In an unusual step, California board warns water-right holders
Farmers and ranchers who hold water right permits and licenses could lose access to the state’s rivers and creeks this year if current drought conditions do not improve, the California State Water Resources Control Board warned.
In a letter that went out in late February to some 7,400 water right holders in the Sacramento, San Joaquin and Russian rivers and the Central Coast and Tule Lake watersheds, the state water board said unless there is sufficient additional rainfall this season, no water will be available for many surface water diverters.
California’s water supply has dwindled due to three consecutive dry years. And while recent rainfall provided some relief, the storms were not enough to lift the state’s current drought status, with reservoirs far from capacity and the snowpack still below average.
The letter from the board said when there is not enough water for all users, allocations will be made in order of water right priority.
In addition, it noted that it might even be necessary this year to curtail more senior water rights, such as riparian rights or pre-1914 rights, which pre-date legislation for appropriating water and do not require a permit from the state water board.
“This is notice to direct diverters that they are in the same boat as the farmers who get water service through contracts with the big State Water Project and the Central Valley Project,” said Chris Scheuring, managing counsel for the California Farm Bureau Federation Natural Resources and Environmental Division.
“Just about all classes and types of agricultural water users are going to have to deal with this drought and are likely facing a very difficult water year,” he said. Not since 1988, when California was facing a similar drought, did the state water board send out warning letters to water right holders. That year, the water picture eventually improved and no curtailments were ever issued, said Bill Rukeyser, spokesman for the board.
The last time the board issued actual curtailment notices on a widespread basis was in 1977, considered the driest year in modern state history. Even then, Rukeyser said the most senior water right holders were not affected by the drought.
But that doesn’t mean they are safe from cutbacks this year, he warned. “A lot of people who are high up the list may have the feeling of, ‘Oh, it’ll never get that bad,’” he said. “That’s why we very purposely put in the letter, ‘Be aware if things work out badly this year, we may have to get very high up the list.’” He said the board sent the warning letters out in February to give agricultural water users enough time to make planting decisions or alter their normal cropping plans.
Scheuring said the letter is fair warning, particularly to water right holders who have lower priority, that the state board may later in the year tell them that there’s no water available for them this year. For the more senior water right holders whose rights are not directly subject to the state board’s permitting jurisdiction, Scheuring said they are also warned that if the drought worsens, they too may have to curtail diversions, although that will be more complicated and less likely.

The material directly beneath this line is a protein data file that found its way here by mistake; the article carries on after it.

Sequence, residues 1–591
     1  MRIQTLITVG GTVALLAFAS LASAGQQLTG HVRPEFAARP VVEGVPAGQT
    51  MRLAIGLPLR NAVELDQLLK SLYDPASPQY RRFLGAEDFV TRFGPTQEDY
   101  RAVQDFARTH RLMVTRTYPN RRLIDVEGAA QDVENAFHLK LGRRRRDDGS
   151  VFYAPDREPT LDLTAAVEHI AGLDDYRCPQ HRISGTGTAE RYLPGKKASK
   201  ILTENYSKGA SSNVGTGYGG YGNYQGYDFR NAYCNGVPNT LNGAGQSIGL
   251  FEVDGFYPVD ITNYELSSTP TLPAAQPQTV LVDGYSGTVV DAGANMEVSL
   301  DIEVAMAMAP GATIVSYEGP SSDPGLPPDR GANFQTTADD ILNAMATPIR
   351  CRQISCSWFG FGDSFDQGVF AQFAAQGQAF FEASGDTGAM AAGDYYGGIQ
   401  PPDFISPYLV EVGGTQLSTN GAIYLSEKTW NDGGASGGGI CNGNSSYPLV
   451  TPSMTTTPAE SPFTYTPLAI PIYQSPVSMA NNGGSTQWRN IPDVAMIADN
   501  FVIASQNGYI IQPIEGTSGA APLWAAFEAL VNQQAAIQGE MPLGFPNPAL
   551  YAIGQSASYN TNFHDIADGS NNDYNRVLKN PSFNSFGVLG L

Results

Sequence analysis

“In my view, the letter is prudent by the state board,” he said. “It hopefully is going to lead to some sound management decisions going forward about water for all classes of surface water users. And it rightly recognizes the shortages are going to be dealt with in order of seniority of the right.”
Sib Fedora, a walnut farmer in Sutter County and president of the Meridian Farms Water Co., a water district, said the water board’s letter did not come as a surprise because he was well aware of the state’s dire water outlook.
He noted that he has received similar warning letters in the past, specifically recalling the one in the 1970s. This time around, he’s more aware and prepared, he said. He drilled a well on his farm a couple of years ago so that he could have access to water when he needs it. “We went into this with our eyes wide open, thinking this could happen,” he said. “We planned our cropping based on a dry year, so we made that change last fall.” Rukeyser said the warnings in the letter should have no effect on the prospect of water marketing, provided there is actual water to sell, and that would depend on Mother Nature.
He noted that the governor has instructed the state water board to expedite handling and consideration of requests for water transfers. If water shortages get bad enough that even junior water right holders are asked to cut back, then those with pre-1914 water rights may have “a pretty good market for water because they’re the only ones left with some water,” Scheuring noted.
But there shouldn’t be any long-term implications to the state’s letter considering how seldom it issues these warnings, he said. If the state receives adequate rainfall next year or even the rest of this year, “this letter may turn out to be not that important,” he added.
Donn Zea, president and chief executive officer of the Northern California Water Association, said the letter should serve as a reminder to all California water users that the state needs to fix its antiquated and broken water system.
“We’re living off the same loaf of bread that we were living off of in the early ’60s,” he said. “There are more demands on the system than ever before, but we’ve not elevated the system to meet those demands.”
Taking water away from agriculture is not a solution, he added, and taking water from one part of the state to feed another is merely putting a Band-Aid on a much more serious problem.
“It just denies or ignores that problem that we’ve got to build more water storage,” he said. — California Farm Bureau Federation